Regarding Hebrews, I don’t remember the context of the quotation of the verse other than it being a young people’s Bible study group led by some Bible college students, obviously in training in the ‘mission’ field, and of course they will have been on a recruiting drive; so am I! But why should the fact that Hebrews is anonymous suggest it’s fraudulent? You can only conclude that if you know who did write it and why. If it wasn’t Paul and was one of the other genuine apostles it would be no less important. Equally, why would the writer have added that statement if he had realised it wasn’t true? You seem to imagine a conspiracy theory which would have been completely impossible to invent, let alone implement. Apologies for so many questions.

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          • The character, Jesus of Nazareth didn’t mention Hell.
            What else is there you don’t understand?

            but what difference does my so-called indoctrination make anyway?

            All the difference in the world as a matter of fact. A point that you illustrate perfectly with your next sentence ….

            As far as I’m concerned I’m extremely grateful to God that I happened to be born into the most sensible worldview on the planet!

            Supported by absolutely no evidence whatsoever. In fact, all the evidence (which can be itemized!) – historical and current – clearly demonstrates that it is one of the very worst worldviews on the planet.
            And, other than indoctrination, this still doesn’t clear up the actual reason for you accepting it. Was there something else here you are forgetting?

            But why should the fact that Hebrews is anonymous suggest it’s fraudulent?

            Because its authorship, like many of the fraudulent epistles, was originally assigned to ”Paul”.
            Therefore, as a fraudulent piece of text it could have been written by anyone .
            And once text is recognised as fraud then this indicates someone is lying.
            So why would you trust any text that was inserted into the bible (or any other book for that matter) written by known liars?

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          • Apologies for the confusion. This is the statement I don’t understand as it appears to be circular: ‘And as the character in the story was a Jew he would not have preached any such eternal punishment that would be dished up by “God” because, as far as Christians are concerned, he was Yahweh, after all.’

            I’m not going to talk about evidence any more as you still seem to confuse it with proof. I call it the classic Boghossian error because he wrote an entire book based on the assumption that evidence means proof.

            I can’t concede that Hebrews is fraudulent. No signature is present and there’s no claim within it as to its author as there is with the Pauline letters, so it can’t be fraudulent as there’s no lie apparent. It seems it may have been written by Apollos … unless you know something I don’t.

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          • Apologies for the confusion. This is the statement I don’t understand as it appears to be circular: ‘And as the character in the story was a Jew he would not have preached any such eternal punishment that would be dished up by “God” because, as far as Christians are concerned, he was Yahweh, after all.’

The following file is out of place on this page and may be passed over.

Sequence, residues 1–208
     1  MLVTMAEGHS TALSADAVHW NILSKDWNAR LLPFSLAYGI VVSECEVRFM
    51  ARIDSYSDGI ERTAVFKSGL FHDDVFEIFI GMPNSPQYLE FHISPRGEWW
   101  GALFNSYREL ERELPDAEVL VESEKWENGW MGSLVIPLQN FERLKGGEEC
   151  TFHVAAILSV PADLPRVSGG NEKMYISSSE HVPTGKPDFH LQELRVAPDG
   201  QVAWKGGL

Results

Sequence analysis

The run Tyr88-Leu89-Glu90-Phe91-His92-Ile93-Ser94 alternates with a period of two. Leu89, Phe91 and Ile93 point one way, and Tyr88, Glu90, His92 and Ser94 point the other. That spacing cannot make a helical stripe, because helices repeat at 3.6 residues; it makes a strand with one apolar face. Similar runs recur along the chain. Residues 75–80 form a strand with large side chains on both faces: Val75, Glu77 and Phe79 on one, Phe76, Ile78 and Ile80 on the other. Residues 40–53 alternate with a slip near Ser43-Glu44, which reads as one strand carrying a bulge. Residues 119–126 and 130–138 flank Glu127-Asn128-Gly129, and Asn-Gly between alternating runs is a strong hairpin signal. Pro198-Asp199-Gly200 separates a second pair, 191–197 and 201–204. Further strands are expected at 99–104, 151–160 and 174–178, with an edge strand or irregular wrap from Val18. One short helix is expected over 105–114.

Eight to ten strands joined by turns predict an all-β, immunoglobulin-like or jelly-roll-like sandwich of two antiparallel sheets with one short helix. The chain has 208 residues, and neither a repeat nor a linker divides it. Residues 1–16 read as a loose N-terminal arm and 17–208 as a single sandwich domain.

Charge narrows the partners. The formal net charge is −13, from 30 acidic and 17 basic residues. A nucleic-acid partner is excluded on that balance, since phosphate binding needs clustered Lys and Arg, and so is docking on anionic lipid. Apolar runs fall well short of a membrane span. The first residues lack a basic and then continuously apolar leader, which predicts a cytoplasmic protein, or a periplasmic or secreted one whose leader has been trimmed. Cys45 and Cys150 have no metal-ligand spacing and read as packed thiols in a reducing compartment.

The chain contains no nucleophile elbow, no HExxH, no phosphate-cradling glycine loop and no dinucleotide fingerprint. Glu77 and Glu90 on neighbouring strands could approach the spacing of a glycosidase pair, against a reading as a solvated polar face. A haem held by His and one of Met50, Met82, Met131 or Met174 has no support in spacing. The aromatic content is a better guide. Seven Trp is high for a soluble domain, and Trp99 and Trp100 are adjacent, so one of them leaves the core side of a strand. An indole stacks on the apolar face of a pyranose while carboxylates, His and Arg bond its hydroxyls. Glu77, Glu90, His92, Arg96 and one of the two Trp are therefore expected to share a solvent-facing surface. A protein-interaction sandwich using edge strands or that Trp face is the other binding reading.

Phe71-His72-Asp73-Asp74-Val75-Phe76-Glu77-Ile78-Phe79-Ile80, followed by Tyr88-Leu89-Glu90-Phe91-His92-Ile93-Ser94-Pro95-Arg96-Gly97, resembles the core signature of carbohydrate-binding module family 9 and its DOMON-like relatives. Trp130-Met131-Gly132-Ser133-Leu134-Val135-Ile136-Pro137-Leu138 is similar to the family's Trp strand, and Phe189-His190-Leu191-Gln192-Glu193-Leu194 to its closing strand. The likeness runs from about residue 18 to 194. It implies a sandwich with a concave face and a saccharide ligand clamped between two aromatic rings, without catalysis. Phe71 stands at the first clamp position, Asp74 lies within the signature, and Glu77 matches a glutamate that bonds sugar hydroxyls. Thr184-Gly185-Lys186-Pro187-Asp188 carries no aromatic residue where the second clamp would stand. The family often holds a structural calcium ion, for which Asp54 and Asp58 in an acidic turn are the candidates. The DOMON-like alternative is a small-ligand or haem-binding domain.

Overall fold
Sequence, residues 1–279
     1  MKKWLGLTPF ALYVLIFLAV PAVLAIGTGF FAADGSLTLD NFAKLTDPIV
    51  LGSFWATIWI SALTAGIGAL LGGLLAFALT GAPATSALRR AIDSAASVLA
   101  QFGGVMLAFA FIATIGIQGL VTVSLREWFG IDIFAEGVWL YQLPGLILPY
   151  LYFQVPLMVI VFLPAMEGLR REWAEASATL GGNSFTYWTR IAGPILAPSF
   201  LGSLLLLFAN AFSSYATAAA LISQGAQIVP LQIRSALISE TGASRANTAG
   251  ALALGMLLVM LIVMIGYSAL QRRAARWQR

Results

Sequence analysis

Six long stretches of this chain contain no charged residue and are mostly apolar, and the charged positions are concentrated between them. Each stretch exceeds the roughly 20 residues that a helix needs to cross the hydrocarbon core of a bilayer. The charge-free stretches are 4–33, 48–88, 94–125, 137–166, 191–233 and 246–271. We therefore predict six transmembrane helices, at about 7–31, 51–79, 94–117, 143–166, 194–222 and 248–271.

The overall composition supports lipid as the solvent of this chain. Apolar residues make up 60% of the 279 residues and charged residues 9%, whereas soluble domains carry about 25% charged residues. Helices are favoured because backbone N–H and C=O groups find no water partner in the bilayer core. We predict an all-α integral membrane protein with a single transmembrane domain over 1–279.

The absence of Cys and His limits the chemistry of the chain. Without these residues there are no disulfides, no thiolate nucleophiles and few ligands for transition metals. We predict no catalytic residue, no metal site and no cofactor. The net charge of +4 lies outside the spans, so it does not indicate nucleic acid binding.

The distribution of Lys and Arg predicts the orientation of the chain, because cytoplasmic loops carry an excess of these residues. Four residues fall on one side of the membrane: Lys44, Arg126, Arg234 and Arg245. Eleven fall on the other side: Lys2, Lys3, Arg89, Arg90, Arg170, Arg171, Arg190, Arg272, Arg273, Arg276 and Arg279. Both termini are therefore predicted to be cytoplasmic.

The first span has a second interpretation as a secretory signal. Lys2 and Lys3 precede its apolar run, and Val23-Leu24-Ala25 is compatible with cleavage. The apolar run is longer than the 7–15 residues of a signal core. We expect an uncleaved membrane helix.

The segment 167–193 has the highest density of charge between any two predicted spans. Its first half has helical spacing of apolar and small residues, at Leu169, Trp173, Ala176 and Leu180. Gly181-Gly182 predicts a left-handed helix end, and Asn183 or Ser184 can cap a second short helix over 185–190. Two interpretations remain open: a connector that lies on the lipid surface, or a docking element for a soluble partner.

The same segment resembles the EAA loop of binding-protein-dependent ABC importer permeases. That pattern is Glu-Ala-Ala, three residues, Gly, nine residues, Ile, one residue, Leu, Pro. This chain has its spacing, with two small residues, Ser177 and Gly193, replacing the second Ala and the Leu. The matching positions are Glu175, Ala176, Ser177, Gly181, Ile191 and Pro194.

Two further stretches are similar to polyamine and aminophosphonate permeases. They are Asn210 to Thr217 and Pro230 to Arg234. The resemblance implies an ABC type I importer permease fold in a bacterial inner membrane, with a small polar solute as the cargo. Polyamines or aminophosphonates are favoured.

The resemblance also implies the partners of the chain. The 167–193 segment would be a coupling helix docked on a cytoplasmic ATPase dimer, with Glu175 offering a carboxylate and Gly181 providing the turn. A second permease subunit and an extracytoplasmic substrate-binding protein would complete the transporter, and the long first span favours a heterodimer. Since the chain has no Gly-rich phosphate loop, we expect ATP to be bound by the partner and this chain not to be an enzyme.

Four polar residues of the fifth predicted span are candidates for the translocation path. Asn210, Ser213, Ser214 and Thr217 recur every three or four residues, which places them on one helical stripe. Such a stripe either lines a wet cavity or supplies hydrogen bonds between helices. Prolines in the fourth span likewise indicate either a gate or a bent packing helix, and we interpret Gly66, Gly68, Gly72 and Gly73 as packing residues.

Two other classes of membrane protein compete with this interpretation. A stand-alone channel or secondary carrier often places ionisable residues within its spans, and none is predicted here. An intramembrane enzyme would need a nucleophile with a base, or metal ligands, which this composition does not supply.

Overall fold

Simplified: In the story, the character, Jesus of Nazareth was a Jew. Born, raised and died a Jew. There is no ‘’Hell’’ in the Jewish religion that you, as a Christian, understand it
            What you call Hell is a church construct, so Jesus of Nazareth could not possibly have taught it. And of course he didn’t.

            I’m not going to talk about evidence any more as you still seem to confuse it with proof. I call it the classic Boghossian error because he wrote an entire book based on the assumption that evidence means proof.

            Not at all. Proofs are normally reserved for such disciplines as Mathematics.
            I am talking about evidence for which you don’t seem to understand the correct meaning of, or do understand but refuse to accept.

            Example 1: There is evidence in the geological record that tells us there was no global flood as per the bible.

            Example 2: There is no evidence to support the biblical claim in gMatthew that the dead were raised from the grave and walked about Jerusalem at the time of the crucifixion of the character Jesus of Nazareth.
            It is a simple matter to list any number of examples for you but I hope you now get the point and understand what evidence actually is?

            I can’t concede that Hebrews is fraudulent. No signature is present and there’s no claim within it as to its author as there is with the Pauline letters, so it can’t be fraudulent as there’s no lie apparent. It seems it may have been written by Apollos … unless you know something I don’t.

            There is no signature in any of the biblical text.
            Are you now going to claim that someone called Moses authored the Pentateuch? Really?
            But once more, you miss the point of this thread.
            The lie regarding Hebrews is attributed to those who would claim authorship to Paul.
            It is a similar story to the other pseudo-epigraphical epistles.
            As it is with the long ending to Mark or the Johanine comma, or the woman caught in adultery.
            They are all examples of fraud.